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Aviation History Online Museum
Posted By On February 12, 2005 @ 2:05 PM In Cool Sites | Comments Disabled
You’ll notice that navigation is to the side and that it starts with Aircrafts. If you click the description link you are taken to photo of that airplane along with some information. You will notice on the airplane page you are viewing that you can click the link Full Text to learn more about that aircraft.
The list of planes in the “Aircraft” section is in alphabetical order, and shows who manufactured it and whether the photo is in color. Some of the aircrafts come with the text already on the same page as the photo of the plane. My favorite aircraft off of the list was Lockheed P-38 Lightning.
In the “Photo Gallery” you will find another great selection of airplanes. Just click the description link and you will be taken to the photo of that model of airplane. Here you get less information, just how many were made, when the photo was taken, and the location. My favorite from in the Photo Gallery was the Aeronca C-3 (Razorback).
The “Airman” section is a listing of airmen, with the subject they are talking about listed, and the country and whether or not there is a photo. Each one tells a very thorough story. I particularly enjoyed the story of Alcock and Brown who flew across the Atlantic “in 16 hours, and 12 minutes sometimes upside down through dense, icy fog.” I’ll be honest though, I ended up reading them all because they were all so interesting.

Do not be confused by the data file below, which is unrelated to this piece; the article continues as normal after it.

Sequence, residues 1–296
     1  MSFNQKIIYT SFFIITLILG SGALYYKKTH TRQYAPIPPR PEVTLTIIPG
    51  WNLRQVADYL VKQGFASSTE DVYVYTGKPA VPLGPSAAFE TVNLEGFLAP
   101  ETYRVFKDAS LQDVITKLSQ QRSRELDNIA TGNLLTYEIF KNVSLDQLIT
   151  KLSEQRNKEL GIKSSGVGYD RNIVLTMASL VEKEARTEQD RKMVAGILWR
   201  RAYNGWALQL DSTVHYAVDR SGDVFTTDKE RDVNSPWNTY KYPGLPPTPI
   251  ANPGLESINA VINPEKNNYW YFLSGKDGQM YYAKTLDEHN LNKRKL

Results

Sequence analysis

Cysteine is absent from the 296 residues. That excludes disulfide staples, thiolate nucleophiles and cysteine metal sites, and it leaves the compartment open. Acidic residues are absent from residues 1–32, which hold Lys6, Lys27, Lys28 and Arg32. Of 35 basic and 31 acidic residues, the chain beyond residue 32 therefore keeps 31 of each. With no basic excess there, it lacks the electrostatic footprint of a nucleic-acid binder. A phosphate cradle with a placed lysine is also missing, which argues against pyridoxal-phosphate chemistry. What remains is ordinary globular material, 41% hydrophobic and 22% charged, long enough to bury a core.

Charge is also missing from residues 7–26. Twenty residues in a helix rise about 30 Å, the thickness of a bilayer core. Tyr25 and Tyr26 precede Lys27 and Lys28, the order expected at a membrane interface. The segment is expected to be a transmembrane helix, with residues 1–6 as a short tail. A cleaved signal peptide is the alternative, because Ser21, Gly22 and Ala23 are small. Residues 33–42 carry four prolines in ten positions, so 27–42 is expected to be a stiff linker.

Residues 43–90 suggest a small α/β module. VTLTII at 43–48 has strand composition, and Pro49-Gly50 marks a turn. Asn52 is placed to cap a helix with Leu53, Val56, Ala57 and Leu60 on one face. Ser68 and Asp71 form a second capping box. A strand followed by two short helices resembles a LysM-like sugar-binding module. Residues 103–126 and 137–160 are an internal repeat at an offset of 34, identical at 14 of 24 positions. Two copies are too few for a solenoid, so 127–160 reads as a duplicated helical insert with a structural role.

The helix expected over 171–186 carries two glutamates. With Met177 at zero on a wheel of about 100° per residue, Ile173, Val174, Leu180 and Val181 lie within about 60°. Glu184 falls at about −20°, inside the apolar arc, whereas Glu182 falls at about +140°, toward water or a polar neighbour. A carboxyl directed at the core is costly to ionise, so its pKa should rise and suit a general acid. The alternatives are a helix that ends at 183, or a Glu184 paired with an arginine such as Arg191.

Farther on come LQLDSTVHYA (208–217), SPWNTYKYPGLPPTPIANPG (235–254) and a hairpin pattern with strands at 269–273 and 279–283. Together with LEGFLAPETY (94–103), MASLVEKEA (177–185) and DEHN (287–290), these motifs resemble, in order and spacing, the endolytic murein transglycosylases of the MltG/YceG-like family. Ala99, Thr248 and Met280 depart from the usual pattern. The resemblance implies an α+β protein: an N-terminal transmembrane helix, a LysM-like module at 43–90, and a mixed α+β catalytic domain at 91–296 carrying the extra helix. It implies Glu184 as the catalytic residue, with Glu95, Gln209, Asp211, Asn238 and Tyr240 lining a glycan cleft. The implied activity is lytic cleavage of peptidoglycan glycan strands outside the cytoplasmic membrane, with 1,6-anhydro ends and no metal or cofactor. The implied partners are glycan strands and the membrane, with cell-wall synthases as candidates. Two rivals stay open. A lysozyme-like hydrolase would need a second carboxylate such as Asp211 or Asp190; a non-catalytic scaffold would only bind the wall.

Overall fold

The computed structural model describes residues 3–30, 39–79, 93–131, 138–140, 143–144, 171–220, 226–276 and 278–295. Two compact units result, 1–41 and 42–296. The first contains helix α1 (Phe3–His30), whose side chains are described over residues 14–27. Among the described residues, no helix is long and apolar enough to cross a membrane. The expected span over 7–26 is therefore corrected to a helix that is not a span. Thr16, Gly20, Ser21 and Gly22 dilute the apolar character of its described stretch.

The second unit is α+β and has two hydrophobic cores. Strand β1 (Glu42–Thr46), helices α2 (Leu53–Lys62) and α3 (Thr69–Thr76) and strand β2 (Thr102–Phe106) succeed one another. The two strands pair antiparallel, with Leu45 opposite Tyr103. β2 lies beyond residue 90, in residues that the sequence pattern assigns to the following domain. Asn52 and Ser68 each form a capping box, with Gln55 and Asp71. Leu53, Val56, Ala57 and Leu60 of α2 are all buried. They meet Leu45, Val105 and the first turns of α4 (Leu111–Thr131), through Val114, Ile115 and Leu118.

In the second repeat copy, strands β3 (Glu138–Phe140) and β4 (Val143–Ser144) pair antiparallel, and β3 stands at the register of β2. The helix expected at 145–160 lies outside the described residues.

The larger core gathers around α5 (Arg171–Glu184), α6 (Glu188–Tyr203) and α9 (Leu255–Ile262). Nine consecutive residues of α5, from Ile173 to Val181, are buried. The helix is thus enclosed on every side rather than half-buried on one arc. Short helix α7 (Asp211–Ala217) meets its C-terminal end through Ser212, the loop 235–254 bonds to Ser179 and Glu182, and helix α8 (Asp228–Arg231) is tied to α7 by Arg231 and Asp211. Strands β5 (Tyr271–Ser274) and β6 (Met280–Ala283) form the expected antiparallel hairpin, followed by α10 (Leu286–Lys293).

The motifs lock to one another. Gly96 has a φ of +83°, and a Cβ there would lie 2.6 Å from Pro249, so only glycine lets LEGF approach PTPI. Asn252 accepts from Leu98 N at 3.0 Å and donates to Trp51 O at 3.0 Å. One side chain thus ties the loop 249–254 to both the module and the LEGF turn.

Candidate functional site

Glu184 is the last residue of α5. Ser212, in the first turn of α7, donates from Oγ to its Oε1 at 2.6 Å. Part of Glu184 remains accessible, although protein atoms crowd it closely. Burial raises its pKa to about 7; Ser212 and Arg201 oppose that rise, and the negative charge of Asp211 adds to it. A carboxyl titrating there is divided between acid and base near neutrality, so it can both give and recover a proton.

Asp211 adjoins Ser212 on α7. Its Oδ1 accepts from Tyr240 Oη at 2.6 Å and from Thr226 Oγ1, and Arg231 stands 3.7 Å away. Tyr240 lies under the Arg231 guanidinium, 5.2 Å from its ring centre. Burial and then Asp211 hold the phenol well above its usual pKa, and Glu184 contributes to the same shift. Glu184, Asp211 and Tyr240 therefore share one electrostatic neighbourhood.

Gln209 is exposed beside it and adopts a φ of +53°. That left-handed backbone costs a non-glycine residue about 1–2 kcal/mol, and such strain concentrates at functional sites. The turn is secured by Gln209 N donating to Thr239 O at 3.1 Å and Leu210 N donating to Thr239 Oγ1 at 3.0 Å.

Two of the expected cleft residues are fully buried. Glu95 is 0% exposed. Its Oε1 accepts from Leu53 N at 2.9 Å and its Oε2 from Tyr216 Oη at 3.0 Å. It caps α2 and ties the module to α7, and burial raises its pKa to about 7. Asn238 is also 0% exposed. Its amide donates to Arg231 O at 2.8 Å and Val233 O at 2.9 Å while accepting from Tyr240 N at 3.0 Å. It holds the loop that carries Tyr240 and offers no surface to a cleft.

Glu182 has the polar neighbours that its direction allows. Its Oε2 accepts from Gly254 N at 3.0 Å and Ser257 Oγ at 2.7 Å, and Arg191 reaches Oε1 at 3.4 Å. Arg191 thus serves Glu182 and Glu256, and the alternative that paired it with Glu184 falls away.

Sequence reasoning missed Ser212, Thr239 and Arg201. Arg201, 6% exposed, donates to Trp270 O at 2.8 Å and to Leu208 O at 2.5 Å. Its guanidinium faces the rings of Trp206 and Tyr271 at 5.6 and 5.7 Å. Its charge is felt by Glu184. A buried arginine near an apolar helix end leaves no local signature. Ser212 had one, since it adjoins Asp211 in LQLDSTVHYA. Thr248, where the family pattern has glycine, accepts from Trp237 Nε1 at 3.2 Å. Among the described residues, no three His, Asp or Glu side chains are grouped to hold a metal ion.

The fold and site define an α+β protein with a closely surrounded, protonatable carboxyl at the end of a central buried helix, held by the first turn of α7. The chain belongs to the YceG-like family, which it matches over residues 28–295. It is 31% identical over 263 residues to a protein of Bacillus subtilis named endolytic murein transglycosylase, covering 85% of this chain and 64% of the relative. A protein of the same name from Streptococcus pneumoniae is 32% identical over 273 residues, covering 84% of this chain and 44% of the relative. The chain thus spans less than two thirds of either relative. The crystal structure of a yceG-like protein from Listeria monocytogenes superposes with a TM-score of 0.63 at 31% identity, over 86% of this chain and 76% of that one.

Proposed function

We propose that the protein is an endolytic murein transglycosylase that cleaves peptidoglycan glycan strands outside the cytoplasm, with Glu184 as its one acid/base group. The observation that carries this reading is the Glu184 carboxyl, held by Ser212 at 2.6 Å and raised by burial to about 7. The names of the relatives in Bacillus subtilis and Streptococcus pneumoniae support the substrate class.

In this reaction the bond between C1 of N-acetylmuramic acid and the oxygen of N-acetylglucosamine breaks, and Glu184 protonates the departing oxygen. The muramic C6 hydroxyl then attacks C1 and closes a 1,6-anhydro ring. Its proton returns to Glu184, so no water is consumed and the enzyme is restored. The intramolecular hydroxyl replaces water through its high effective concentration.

In “Engines” you can take a look at 12 airplane engines, complete with photos and text. If you check out DB 605 you even get a sectional view of the engine which lets you get a good look inside it.
“Early Years” is a very historical section—go back all the way to 1849 and start learning about the history of flight with George Cayley and end up with information from 1908 with Glenn H. Curtis. And who can neglect to mention the Wright Brothers in 1903. Very interesting section that is worth reading, you will get a real feel for how flight progressed.
“Theory” covers the scientific theory behind flight.
I think this is an interesting site that pays homage to something that most travelers take for granted: it wasn’t always so easy to go catch a flight to wherever you wanted to go in the world.
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